Amsterdam mayor seeks change in taxi regulations

6th July 2009, Comments 3 comments

A 44-year-old man died after getting in a fight with a taxi driver on Saturday.

Amsterdam -- The mayor of Amsterdam has called for a change to the regulations governing taxis and the granting of licenses to drivers following the death of a passenger after a fight with a taxi driver in the city.
A taxi driver apparently hit the passenger after an argument broke out between them on Saturday night in the city's central Leidseplein square.

The passenger, 44, was taken to hospital but died a few hours later on Sunday morning. The 37-year-old taxi diver has been arrested.

Mayor Job Cohen called the death "an appalling and disgraceful incident". In 2001, the taxi sector was liberalised, allowing anyone to apply for a taxi licence. 

Since then, the number of complaints against taxi drivers in Amsterdam has increased as taxi drivers exhibit rude behaviour, refuse short trips and overcharge passengers. 

Meanwhile, Deputy Transport Minister Tineke Huizinga announced she would propose new legislation to the Lower House this week which would grant local authorities greater powers to manage the taxi sector. 

However, a ministry spokesperson said the move did not come in response to the recent incident but was a development of existing policy.

Radio Netherlands / Expatica

3 Comments To This Article

  • John posted:

    on 7th July 2009, 21:44:23 - Reply

    always use amsterdam travel taxi best in town
  • derek Harwell posted:

    on 7th July 2009, 09:34:08 - Reply

    I have never encountered a nice or professional taxi driver in Amsterdam. I find the entire system one of the most embarrassing part of Amsterdam and always tell visitors to avoid taxis at all costs. It is a real shame for those drivers who are professional and realize they are in customer relations.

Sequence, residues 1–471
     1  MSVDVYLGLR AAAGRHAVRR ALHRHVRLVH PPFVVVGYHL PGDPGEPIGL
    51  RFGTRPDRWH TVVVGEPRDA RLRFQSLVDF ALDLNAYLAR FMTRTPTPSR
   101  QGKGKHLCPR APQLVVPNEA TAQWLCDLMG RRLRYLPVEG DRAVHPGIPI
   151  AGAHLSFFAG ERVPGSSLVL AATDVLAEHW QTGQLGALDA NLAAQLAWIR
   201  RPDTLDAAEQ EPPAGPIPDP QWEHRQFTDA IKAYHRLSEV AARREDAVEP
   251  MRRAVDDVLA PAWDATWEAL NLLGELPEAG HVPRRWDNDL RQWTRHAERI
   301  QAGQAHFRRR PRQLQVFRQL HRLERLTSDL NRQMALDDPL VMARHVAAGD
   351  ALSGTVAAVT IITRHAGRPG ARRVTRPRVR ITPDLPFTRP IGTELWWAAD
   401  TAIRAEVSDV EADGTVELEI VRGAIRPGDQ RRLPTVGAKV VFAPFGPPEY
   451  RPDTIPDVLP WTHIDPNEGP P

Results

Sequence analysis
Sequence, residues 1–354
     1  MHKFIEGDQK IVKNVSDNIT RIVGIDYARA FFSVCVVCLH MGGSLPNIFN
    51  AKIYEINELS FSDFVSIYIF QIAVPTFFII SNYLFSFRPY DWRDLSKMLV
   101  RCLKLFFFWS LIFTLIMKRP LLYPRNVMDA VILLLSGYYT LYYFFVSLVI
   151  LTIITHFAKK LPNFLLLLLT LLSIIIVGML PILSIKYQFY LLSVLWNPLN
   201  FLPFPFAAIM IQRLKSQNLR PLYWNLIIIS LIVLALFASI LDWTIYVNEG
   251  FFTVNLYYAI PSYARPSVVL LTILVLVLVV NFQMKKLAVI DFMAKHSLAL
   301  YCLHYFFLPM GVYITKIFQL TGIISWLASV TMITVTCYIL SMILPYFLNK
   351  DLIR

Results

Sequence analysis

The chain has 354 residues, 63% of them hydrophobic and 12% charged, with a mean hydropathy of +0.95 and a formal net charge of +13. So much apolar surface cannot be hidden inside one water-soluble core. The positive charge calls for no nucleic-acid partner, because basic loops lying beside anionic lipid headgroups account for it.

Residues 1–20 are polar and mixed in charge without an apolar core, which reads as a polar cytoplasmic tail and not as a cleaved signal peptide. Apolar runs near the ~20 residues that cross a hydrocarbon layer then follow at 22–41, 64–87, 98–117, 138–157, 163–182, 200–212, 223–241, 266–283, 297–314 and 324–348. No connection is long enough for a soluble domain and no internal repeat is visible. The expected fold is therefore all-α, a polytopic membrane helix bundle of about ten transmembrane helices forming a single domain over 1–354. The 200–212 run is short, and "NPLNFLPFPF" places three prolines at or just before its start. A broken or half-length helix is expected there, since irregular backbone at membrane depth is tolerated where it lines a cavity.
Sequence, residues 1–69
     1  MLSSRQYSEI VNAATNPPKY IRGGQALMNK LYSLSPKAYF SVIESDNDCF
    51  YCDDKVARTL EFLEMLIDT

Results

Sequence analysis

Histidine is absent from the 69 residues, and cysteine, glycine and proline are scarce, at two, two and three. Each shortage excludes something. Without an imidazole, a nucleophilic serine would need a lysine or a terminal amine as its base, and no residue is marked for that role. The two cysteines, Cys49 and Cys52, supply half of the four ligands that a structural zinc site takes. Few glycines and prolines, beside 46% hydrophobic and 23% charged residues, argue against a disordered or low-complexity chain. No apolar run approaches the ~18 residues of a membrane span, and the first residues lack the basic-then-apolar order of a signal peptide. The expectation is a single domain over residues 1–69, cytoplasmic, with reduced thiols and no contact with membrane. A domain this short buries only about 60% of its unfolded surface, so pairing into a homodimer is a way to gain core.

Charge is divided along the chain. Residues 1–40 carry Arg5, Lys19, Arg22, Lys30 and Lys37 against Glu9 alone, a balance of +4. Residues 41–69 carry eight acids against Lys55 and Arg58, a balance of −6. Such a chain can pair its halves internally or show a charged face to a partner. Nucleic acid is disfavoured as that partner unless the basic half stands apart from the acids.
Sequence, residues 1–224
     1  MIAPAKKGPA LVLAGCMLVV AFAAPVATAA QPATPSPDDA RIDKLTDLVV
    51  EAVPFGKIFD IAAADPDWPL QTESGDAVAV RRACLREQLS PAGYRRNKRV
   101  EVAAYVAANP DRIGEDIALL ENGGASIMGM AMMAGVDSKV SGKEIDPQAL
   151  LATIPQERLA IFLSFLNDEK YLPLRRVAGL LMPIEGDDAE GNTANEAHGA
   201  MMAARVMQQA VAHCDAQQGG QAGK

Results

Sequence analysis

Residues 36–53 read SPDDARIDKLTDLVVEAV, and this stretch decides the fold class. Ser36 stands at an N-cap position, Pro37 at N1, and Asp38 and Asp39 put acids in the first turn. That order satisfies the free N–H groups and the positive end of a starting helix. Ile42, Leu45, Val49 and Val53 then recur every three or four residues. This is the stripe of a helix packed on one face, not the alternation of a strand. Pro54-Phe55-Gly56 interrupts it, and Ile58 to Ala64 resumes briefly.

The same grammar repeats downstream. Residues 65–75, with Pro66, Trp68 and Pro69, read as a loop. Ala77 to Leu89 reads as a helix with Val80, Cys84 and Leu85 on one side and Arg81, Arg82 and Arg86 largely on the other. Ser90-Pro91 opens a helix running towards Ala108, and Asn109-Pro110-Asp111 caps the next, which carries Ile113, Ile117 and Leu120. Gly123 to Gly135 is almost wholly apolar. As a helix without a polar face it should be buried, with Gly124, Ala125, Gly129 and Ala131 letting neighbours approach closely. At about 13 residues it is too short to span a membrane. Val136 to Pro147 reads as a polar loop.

• emmitt mak posted:

    on 6th July 2009, 11:19:01 - Reply

    I used to use the cabs in Amsterdam in the 90's and it was tricky then. Since that time there has been a serious erosion of decency in most of the cab business. It has come to a point that I will only use one cab company which I have had good luck with, and I advise anyone who asks to use a known company for cab rides, or do not use them at all. I have heard talk of this being a race driven or culture clash issue. It is not. The bigest attempted cab rip off that I have encountered was in a cab with a nice looking 20 something white dutch lady from North of Amsterdam. Race has nothing to do with it. Unfortunately, the cab business needs to be closely regulated if it is to be an effective part of the Amsterdam transportation sytem. I fell in love with Holland when it was a bastion of decency. Things have changed and that no longer is the case... but I still love Holland. I just avoid the cabs.